Seanetter Dick Jordan has been spotting dead Common Eiders in Wellfleet, MA on Cape Cod for about a month now. And he’s not alone; Seanetters from the Cape up to Maine have found varying numbers of the species dead on their beaches as well. Numbers are typical of the season so far, with fewer than 50 dead eiders reported through formal SEANET survey channels. Nonetheless, a die-off is a die-off, and a research team is currently looking into the newly discovered Wellfleet Bay Virus (WFBV) found in dead eiders from years past. The team, lead by scientists and veterinarians at the Southeast Cooperative Wildlife Disease Study (SCWDS) and the USDA’s Wildlife Services division brings together collaborators from around the country. They hope to collect carcasses, and also to get blood samples from sick eiders. They also hope to collect ticks from the live birds, as the blood-sucking arthropods are suspected of potentially spreading the virus from bird to bird.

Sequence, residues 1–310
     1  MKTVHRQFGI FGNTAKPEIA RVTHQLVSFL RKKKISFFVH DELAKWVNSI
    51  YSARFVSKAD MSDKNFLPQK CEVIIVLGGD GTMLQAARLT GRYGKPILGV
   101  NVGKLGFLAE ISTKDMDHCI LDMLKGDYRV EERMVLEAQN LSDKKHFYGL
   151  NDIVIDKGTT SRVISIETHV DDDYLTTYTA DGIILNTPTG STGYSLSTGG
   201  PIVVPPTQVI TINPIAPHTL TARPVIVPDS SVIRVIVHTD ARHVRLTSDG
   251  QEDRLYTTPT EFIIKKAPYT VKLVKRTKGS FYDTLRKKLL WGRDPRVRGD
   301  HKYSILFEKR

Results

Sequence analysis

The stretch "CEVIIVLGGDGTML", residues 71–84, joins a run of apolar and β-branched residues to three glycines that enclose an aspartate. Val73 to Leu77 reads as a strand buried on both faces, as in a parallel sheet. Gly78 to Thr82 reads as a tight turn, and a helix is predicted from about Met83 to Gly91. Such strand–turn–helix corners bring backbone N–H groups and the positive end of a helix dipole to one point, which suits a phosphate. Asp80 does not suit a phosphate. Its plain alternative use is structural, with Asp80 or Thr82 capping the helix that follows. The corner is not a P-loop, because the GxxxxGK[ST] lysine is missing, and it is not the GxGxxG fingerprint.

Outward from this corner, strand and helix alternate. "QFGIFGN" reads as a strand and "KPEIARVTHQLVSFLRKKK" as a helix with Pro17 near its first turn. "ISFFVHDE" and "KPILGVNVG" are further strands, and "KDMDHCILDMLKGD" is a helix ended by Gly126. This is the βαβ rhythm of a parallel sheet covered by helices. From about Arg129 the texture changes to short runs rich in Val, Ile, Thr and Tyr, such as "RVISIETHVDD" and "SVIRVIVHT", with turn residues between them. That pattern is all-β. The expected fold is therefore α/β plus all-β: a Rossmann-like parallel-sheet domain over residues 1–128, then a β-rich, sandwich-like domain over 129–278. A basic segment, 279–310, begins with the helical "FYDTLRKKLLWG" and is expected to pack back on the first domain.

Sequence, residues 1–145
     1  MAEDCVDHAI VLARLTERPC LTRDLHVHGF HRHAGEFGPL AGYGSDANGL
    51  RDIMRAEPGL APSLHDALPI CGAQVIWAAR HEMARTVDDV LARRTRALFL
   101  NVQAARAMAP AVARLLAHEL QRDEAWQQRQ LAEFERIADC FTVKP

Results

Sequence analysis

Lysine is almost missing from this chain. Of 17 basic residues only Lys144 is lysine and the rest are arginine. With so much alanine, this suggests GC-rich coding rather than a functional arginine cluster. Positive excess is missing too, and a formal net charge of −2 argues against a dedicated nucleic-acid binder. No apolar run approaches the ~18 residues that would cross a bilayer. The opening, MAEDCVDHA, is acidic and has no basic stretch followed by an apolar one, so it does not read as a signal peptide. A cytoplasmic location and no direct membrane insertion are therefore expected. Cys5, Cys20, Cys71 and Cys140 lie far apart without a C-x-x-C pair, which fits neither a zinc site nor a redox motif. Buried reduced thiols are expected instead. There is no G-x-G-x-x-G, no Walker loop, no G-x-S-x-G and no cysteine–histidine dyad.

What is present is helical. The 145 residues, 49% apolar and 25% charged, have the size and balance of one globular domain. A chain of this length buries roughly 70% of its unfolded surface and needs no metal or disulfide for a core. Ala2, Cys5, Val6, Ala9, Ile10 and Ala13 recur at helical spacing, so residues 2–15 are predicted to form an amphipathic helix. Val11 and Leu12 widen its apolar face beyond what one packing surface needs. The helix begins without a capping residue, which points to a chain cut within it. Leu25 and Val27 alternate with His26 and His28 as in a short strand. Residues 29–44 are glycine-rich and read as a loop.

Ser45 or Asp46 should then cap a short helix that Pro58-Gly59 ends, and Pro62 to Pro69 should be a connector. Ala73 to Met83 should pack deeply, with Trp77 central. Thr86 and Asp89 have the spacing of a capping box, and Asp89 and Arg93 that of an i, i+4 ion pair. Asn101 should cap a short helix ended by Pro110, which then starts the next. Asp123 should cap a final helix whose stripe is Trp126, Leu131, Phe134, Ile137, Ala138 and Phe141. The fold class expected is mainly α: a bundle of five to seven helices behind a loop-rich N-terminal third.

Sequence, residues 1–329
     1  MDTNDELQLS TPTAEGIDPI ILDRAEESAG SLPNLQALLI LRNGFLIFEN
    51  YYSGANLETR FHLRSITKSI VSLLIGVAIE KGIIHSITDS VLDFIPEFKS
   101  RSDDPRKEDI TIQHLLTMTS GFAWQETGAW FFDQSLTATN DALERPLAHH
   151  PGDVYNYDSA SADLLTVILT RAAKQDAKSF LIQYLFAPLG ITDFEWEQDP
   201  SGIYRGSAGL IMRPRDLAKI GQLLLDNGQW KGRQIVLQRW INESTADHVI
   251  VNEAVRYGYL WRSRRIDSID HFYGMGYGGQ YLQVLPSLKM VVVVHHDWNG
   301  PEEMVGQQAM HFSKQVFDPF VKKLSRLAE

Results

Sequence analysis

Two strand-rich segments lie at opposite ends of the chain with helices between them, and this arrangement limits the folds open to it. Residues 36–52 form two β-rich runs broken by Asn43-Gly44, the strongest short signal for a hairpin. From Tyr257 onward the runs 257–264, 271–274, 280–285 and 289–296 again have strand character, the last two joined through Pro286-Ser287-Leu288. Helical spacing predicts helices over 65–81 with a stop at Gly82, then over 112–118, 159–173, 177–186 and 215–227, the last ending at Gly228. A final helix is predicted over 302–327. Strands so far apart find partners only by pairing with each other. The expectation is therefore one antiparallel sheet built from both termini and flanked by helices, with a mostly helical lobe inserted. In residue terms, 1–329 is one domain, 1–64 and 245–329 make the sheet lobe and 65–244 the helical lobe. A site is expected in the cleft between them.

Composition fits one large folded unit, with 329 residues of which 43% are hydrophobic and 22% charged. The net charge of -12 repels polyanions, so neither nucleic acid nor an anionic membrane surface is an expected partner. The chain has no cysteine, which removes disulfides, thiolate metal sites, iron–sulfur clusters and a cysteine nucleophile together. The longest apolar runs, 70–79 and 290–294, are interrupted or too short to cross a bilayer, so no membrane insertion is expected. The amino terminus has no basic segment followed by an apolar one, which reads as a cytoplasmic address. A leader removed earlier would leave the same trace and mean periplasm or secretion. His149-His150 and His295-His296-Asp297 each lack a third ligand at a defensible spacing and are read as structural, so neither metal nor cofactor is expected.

We hope the carcass collecting trip goes off without a hitch, and that some sick birds can be found to offer up blood samples, as such samples could offer a treasure trove of information on the virus’ behavior, and its effect on the birds.